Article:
We take a look at what the new version of Android will mean to Nexus owners.
What to expect from Android L
Here’s a round up of new features due in the update:
- Material Design: This is Google’s attempt to unify the design experience across mobile, web and desktop. Material Design is, in essence: colourful, minimalistic and airy.
- One OS on all devices: L works inside cars, TVs, and mobile phones. It has been designed to support both Android Wear and Android TV.
- Notifications and Lock Screen: Apps will now only present the most relevent information to the notification panel, these notifications will also now be available on the lock screen ready for when you pick up your phone. Android should learn which notifications you are most interested in and prioritise these.
- Linked Apps: Android has always been ahead of the game when it comes to getting apps talking but now they are taking things further. For example Chrome will be able to directly launch and work with apps rather than taking you to a mobile site.
- Faster and more efficient: Behind the scenes a new runtime, ART, replaces Dalvik. Don’t worry too much if those words don’t mean anything to you, just know that this will make your phone whizz along. Existing apps won’t need to be optimised to take advantage. ART also introduces 64 bit compatibility. Google have worked alongside companies such as Nvidia to bring console quality gaming closer than ever.
- Battery Life: Google’s project Volta has been given the job of getting the most out of your phone’s battery. Some early tests have shown battery life extended by 30% when testing on a Nexus 5 phone.
Will Android L be available for my Nexus?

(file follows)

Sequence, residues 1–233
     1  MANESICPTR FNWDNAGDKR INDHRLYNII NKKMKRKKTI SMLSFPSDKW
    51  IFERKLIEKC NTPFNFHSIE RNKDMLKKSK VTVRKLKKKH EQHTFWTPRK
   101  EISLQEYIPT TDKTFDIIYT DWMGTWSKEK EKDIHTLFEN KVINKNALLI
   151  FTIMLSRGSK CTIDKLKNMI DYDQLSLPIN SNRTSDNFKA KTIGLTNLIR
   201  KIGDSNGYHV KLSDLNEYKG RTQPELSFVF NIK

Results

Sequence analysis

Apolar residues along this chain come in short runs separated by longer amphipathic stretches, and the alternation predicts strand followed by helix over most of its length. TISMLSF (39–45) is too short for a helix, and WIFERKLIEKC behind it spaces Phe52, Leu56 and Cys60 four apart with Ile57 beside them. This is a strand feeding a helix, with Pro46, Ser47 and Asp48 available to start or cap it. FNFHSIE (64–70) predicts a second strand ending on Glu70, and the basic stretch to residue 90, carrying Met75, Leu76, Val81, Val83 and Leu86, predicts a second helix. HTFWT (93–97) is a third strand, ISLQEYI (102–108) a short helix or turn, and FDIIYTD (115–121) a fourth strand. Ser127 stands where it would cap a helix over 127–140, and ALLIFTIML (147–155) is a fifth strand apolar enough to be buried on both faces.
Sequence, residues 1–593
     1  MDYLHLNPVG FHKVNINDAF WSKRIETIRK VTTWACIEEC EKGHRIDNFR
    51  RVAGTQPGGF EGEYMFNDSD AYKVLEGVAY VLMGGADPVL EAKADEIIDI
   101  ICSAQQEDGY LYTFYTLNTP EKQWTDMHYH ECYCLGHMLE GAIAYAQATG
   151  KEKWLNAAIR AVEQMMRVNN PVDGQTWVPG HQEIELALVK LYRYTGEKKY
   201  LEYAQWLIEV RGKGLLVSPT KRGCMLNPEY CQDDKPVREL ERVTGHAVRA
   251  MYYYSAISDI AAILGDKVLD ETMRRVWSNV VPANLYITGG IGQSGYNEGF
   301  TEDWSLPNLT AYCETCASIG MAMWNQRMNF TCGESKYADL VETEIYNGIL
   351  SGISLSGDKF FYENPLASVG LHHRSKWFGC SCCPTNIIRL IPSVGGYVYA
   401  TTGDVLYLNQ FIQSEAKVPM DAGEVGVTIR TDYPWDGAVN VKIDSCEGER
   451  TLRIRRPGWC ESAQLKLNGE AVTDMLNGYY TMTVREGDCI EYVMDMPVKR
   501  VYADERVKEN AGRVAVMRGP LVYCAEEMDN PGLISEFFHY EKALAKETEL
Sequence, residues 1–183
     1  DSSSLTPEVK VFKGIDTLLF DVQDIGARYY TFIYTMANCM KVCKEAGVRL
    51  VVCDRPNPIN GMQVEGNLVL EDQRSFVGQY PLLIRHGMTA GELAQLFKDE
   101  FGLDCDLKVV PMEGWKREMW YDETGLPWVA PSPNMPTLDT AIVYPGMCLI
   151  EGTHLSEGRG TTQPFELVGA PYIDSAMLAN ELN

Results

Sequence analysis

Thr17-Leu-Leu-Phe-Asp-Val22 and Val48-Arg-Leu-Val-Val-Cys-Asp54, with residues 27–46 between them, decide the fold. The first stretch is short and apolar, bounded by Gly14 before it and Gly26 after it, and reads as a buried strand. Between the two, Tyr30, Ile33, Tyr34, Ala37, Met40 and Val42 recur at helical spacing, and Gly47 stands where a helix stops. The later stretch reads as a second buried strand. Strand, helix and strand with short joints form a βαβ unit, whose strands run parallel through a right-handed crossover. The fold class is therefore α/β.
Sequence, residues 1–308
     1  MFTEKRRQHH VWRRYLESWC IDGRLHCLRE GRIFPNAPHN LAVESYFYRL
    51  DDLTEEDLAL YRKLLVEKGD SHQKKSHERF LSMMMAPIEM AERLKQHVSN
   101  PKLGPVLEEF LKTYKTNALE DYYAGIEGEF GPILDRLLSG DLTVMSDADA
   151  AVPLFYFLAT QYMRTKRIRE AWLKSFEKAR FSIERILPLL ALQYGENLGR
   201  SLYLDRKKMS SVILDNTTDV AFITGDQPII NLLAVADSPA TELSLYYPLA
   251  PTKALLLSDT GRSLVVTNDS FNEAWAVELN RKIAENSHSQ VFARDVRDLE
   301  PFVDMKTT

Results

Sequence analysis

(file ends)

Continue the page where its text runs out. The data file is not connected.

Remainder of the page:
With references images for the Nexus 5 and Nexus 7 (2013) already posted we know these models are going to be supported.
But will the Nexus 4 get Android L? As the owner of a much loved Nexus 4 this is the real question I want answered! The good news is that most commentators think the Nexus 4 will be included when Android L rolls out. We’ll have to wait and see but I would be very surprised if it wasn’t included in the first round of updates.
So that just leaves the Nexus 7 (2012) and the misunderstood Nexus 10. If any models are likely to drop support then it would be these but I still think Google will keep them updated. Sure, they aren’t quite as powerful as the next generation tablets but they aren’t a million miles away either. They still have all the required physical interfaces and out power some of today’s cheaper models.
And if Google really have optimised Android for battery life and low powered machines then actually it sounds like the upgrade could bring a new lease of life to the first wave of Nexus tablets.
How can I update my Nexus?
It’s good news for Nexus owners, just sit back and wait for the update to be pushed out to your phone. When the time comes you will get a notification that Android L is ready to install. This should happen within days of Google’s announcement but sometimes it can take a week or so (I tend to be one of the last to get these updates!). It’s pushed out to millions of users in a random order so some patients is required!
There are ways to force an update but unless you are desperate to get hold of the new software you are better off waiting for your turn!
Android L will be the biggest update to the Android platform ever! You can expect the free download to arrive on your Nexus device this Autumn, hopefully October but surely by the end of November.
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